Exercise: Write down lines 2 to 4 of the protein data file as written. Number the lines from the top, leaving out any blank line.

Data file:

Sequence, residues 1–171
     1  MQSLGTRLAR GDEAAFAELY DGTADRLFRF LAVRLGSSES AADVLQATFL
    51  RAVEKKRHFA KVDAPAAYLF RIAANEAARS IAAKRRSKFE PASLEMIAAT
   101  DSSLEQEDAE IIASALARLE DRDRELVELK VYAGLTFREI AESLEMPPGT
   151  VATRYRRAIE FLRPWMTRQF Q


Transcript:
     1  MQSLGTRLAR GDEAAFAELY DGTADRLFRF LAVRLGSSES AADVLQATFL
    51  RAVEKKRHFA KVDAPAAYLF RIAANEAARS IAAKRRSKFE PASLEMIAAT
   101  DSSLEQEDAE IIASALARLE DRDRELVELK VYAGLTFREI AESLEMPPGT